After you got your RV water system ready for the off season, it's time to begin the process of preparing the interior and exterior for winter.
To start, thoroughly wash and inspect the exterior of the coach using the appropriate cleaners. Rubber roofs require a non-petroleum based cleaner. There are rubber roof cleaners and treatments manufactured specifically for rubber roofs. Black streak remover is another product that is commonly used to pre-treat the roof run off that leaves residue on the sidewall. Cleaning your unit will reveal items you may need to address immediately.
Winter exposure can be tough on RV surfaces.A few things to look for are: roof seams and seals, vertical seam seals, vent covers, exterior window seals, exterior lighting seals and slide out room seals. Any cracks, tears, or damage should be repaired now before the winter causes further damage.
If you choose to cover your entire rig, be sure that the fabrics are non-abrasive and breathable so they do not aid in the collection of interior moisture (i.e.: avoid vinyl tarps). RV covers are available in various sizes for class A, class C, travel trailer, fifth-wheel, toy haulers and pop up campers.
If covering your unit is not an option, try to block the suns rays from harming all interior fabrics including curtains, mini blind strings, day night shades, furniture coverings and carpets. Block windows from the inside using a cut-to-fit product. This will allow you to use the same covers year after year. Be sure to cover your air conditioner with an Adco air conditioner cover to prevent Mother Nature from filling it up with pine needles, acorns and leaves. It will also help prevent sun deterioration from occurring to the hard, plastic shroud.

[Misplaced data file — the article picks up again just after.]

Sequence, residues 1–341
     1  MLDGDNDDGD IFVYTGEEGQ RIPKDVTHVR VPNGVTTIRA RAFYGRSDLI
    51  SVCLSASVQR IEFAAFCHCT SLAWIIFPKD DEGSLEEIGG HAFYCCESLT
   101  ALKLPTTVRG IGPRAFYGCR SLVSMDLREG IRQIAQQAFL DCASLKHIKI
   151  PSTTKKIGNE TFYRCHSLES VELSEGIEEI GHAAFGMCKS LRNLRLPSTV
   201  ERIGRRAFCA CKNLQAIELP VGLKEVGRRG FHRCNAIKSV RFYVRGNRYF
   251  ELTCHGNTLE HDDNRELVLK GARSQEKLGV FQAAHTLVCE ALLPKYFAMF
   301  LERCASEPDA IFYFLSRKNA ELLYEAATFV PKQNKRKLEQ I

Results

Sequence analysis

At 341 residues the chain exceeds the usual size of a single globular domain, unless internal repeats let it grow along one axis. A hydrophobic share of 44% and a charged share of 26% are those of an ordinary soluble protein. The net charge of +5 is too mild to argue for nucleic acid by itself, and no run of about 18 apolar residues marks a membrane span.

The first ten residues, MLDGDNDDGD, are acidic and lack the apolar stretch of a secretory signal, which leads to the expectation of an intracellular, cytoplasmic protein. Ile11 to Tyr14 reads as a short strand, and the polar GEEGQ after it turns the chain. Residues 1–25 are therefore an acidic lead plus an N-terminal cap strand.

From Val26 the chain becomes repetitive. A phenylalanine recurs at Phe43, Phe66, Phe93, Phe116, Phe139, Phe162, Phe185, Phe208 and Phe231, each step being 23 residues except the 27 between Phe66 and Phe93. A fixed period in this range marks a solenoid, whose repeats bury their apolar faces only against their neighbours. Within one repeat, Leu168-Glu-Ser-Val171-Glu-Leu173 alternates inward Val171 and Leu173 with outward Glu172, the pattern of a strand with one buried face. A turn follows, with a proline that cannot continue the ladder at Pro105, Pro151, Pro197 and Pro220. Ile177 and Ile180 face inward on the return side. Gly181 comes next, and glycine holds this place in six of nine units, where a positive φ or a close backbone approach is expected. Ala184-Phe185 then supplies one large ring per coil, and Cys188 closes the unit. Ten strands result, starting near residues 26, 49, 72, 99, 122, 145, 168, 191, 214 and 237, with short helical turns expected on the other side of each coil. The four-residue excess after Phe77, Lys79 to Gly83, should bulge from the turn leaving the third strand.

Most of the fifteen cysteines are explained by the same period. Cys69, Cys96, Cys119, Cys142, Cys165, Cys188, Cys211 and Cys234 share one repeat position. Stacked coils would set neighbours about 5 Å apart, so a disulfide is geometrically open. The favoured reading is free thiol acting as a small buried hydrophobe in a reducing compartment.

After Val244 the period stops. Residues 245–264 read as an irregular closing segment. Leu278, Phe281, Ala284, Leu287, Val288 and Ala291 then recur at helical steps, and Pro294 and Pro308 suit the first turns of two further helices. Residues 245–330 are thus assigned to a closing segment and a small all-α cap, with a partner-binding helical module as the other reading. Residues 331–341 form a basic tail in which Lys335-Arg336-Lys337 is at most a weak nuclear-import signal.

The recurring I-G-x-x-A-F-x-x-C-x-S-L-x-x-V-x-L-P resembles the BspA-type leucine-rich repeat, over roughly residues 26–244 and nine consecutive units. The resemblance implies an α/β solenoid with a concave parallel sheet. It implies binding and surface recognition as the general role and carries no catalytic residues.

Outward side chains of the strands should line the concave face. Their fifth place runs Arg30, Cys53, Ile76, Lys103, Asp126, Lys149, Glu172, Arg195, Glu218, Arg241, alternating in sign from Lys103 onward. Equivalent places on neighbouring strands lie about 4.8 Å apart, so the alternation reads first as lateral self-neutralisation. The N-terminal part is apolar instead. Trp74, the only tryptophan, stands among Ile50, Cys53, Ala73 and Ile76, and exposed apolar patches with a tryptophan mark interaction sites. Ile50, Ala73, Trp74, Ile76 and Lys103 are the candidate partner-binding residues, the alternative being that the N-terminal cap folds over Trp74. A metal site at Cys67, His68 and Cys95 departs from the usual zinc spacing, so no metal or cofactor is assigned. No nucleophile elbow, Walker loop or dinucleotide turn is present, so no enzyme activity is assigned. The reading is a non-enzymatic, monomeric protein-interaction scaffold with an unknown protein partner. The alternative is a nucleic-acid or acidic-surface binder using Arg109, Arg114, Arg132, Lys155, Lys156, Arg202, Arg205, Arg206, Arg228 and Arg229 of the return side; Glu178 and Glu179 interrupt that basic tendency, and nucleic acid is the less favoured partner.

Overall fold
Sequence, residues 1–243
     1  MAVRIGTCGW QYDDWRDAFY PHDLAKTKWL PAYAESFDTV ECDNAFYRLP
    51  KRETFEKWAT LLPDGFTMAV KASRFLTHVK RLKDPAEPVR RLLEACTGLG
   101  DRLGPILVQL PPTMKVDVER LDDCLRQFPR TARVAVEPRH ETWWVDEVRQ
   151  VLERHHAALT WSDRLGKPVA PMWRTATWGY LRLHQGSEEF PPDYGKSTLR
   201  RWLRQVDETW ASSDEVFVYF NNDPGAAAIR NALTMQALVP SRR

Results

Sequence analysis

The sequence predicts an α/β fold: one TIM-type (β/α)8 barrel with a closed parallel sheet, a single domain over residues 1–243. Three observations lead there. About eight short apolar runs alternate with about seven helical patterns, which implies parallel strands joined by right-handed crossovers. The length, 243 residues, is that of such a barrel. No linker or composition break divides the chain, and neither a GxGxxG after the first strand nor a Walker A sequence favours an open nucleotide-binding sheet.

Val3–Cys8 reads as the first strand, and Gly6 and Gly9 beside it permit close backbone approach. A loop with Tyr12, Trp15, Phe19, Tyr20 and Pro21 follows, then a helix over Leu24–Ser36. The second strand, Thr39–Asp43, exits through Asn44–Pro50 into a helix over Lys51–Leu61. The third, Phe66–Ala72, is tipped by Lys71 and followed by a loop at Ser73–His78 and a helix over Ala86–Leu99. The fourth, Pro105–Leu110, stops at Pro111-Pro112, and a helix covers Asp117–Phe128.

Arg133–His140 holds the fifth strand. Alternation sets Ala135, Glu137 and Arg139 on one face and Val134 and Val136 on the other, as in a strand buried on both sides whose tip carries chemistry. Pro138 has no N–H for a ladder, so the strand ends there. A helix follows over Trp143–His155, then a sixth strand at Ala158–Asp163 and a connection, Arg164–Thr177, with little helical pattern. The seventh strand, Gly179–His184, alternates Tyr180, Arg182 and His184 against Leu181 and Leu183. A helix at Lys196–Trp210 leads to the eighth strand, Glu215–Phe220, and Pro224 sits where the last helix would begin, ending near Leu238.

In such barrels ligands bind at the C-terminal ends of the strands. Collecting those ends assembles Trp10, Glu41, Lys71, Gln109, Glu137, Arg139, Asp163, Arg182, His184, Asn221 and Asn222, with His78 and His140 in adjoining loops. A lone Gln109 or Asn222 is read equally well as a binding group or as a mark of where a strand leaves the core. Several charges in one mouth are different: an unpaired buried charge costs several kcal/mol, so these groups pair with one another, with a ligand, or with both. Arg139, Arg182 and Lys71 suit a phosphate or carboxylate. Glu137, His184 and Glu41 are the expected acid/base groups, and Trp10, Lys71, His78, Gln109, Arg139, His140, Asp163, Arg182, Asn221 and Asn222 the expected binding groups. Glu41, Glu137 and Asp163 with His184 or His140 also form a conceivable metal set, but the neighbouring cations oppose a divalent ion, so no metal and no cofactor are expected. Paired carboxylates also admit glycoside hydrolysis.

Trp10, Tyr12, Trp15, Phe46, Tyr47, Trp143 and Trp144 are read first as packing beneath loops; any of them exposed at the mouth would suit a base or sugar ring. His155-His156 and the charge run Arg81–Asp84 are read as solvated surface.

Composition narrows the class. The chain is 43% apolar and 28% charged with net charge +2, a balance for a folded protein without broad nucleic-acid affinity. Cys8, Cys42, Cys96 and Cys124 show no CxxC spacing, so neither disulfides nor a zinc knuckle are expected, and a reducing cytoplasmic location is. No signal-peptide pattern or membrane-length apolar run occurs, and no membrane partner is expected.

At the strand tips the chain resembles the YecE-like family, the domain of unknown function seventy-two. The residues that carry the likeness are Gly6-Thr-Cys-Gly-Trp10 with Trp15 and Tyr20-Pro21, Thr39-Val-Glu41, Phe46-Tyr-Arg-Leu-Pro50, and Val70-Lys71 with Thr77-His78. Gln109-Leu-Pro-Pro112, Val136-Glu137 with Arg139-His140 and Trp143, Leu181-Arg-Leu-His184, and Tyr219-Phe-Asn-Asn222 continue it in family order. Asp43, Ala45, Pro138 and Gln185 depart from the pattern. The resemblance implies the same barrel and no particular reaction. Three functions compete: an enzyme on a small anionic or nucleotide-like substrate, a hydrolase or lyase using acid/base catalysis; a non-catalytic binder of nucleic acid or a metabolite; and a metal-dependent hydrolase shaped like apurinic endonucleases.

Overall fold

UV rays can rapidly accelerate protectant bleed off and the deterioration of tires while causing sidewalls to crack or craze. Inflate tires to their recommended pressures levels as stated by the coach manufacturer. Cover tires with vinyl tire guards by Adco to prevent UV damage. If possible, it is best to drive or tow your unit to keep the natural carbon black in the rubber moving to lubricate your tires. Spray treatments are not recommended by tire manufacturers, so use caution.
Dri-Z-air, No Damp and Damp Rid are all products that use calcium chloride, which by nature is a dehumidifier. Placing containers of this product inside your unit will prevent moisture from building up and leaving your unit smelling musty and moldy. Vent Mate and Maxx Air covers allow you to keep air circulating in your unit, both products have been proven to prevent interior moisture problems as well.
Insect and rodent abatement is also a serious concern. Paradichlorobenzine (moth balls) in containers around the exterior of the coach will deter rodents. Dryer sheets or cedar chips inside may also help. Remove all food items from your unit and clean thoroughly under all furniture and inside all cabinets and drawers. Then, inspect entire rig for possible entry points, the smallest orifice should get your attention and don’t forget the underbelly. Plug holes using metal covers or use a non-rusting metal dish scrub pad because mice are notorious chewers. Do not overlook exterior storage compartments.
Also, think twice about rodent baits such as poison, these items give a delayed reaction. Dying rodents have been known to work their way into places we cannot find where they decay and reek for a long time.
Protecting the exterior and interior of your RV is a very important step when prepping your rig for the the off-season. It is to make sure your camper stays in tip-top shape during the winter, so it is ready to use when camping season rolls around again!